During the meeting her boss took the high road and made it completely clear that the lowering of the evaluation was totally his choice and he gave M. the opportunity to state her position. The consequence of this was that her relationship with the employee remained solid and M. felt good about herself for taking a stand on one of her core values. Her respect for her boss increased because of the way he handled the situation in the end. The employee wasnít happy, but his feelings were balanced out some by the show of integrity from both superiors, she found out later.
Notice how M.ís taking the moral high road influenced both her boss and her direct report to do the same. Instead of initiating a nasty grievance process or resigning, her employee dealt with his setback in-house rather than going outside for help or leaving.
This story strongly illustrates the ripple effect of putting trust and integrity principles into practice at a high level. When one person does this, it seems to turn on a light for others, and thatís really beautiful to behold. Itís so easy to take our cues from others, after all weíre social animals. But then someone comes along who takes their cues from somewhere else, from a place deep inside and we call that special place by so many different names. So when a courageous person does this, then we are all reminded that we have that place inside too, and we start to dare to live from there once again. I want to encourage you to be that courageous person.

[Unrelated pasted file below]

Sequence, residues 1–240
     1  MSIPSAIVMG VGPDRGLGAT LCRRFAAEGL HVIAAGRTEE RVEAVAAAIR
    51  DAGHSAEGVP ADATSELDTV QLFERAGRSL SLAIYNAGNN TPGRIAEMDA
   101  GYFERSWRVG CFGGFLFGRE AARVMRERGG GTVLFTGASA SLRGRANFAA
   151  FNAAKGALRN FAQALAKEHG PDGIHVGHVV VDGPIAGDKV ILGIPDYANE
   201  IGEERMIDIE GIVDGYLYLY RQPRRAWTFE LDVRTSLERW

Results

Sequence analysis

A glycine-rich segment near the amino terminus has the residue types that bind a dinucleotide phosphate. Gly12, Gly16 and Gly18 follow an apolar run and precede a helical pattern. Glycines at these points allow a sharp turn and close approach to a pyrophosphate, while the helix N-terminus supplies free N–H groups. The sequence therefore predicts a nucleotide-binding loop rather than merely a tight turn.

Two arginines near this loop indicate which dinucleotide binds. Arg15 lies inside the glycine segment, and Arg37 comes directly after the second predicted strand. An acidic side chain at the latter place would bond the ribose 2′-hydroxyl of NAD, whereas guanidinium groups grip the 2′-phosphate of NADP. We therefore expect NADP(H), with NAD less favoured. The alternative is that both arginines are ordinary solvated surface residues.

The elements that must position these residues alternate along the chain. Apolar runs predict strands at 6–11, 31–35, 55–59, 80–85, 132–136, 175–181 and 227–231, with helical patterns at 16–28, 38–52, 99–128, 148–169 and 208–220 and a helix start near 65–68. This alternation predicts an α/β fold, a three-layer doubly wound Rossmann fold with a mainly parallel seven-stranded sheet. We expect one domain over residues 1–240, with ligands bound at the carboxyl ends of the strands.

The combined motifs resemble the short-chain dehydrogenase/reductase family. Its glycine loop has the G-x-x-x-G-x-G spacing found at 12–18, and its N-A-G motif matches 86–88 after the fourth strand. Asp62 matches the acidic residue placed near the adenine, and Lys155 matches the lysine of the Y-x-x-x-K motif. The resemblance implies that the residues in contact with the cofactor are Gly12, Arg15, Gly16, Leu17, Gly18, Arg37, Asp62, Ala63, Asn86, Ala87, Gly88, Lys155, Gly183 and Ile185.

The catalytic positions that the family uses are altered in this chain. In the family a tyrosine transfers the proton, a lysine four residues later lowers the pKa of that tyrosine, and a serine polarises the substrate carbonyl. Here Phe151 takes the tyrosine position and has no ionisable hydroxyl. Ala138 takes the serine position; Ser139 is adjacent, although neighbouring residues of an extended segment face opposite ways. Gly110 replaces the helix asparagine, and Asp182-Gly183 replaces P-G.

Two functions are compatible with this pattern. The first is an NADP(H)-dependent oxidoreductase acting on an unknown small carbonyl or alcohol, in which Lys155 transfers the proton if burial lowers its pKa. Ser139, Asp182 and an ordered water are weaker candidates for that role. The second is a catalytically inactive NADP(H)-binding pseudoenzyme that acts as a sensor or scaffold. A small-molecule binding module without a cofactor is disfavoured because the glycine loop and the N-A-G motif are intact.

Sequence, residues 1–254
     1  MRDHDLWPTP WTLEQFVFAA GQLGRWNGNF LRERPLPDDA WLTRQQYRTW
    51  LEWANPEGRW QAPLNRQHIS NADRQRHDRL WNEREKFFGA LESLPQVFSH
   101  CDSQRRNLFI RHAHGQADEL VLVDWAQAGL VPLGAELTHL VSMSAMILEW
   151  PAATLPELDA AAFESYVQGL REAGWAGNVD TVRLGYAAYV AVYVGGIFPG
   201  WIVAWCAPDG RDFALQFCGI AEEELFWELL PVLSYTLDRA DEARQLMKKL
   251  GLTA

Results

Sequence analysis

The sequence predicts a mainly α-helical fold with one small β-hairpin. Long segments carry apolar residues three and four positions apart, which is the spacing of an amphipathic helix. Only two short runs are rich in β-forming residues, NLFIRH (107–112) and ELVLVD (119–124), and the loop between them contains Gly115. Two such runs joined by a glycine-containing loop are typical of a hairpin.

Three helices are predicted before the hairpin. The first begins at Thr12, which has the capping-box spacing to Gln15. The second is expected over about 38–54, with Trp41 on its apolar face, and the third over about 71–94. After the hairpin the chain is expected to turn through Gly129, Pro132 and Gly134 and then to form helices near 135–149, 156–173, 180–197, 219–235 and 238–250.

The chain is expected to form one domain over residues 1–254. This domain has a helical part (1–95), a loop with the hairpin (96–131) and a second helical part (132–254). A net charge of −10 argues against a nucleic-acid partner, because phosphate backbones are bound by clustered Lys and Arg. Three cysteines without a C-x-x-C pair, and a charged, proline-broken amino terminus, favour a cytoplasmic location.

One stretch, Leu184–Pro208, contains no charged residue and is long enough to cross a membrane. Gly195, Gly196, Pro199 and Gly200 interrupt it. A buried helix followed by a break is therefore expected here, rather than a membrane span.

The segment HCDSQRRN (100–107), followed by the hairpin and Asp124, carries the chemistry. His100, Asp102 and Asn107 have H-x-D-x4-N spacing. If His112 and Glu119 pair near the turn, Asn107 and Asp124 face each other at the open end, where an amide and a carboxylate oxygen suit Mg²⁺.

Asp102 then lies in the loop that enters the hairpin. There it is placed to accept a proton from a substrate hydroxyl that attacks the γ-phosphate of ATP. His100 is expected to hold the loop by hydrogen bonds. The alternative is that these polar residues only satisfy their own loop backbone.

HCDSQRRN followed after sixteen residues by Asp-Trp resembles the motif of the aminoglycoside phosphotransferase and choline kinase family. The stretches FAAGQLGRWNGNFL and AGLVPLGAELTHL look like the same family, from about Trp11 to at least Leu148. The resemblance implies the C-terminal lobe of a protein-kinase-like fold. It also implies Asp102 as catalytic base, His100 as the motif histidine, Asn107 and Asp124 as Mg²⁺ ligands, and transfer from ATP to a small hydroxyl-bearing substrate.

If you are struggling with an ethical dilemma at work, and arenít sure how to move forward, email or call me, and Iíll be glad to discuss the situation with you.
Tips for Doing the Right Thing When Facing a Tough Ethical Choice:
* Take your time. Before making a tough ethical decision at work, take the time to identify the core value you feel is in danger of being compromised in the situation.
* What are your needs? Once you identify your core value at play, clarify your needs in the situation. For instance, M. needed to act with fairness and honesty, to maintain her direct reportís high morale and commitment, and to continue her good working relationship with him.
* Look for the third alternative. What are your options for getting these needs met? This can be tricky, because if strong emotions come into play, which they often do, itís human nature to narrow down our options to one or two courses of action, usually the ones at either extreme such as giving in or getting out. There may be a third alternative you just canít see yet for meeting your integrity needs. In Mís case, the third alternative presented itself after she drew her line in the sand. Iíve seen that happen a lot. When you take a strong stand, the other person stops trying to change your thinking and changes their own instead.
* Wait and see. Sometimes, if possible, doing nothing is the best response to pressure to do something that feels unethical or against your conscience. The person applying the pressure just stops after a while, often because they regained their emotional balance.
About the author:
Joe DiSabatino helps leaders and organizations reach their goals by creating high-trust work environments. For more support and information about the importance of trust and integrity in business, visit: www.phoenixleadership.com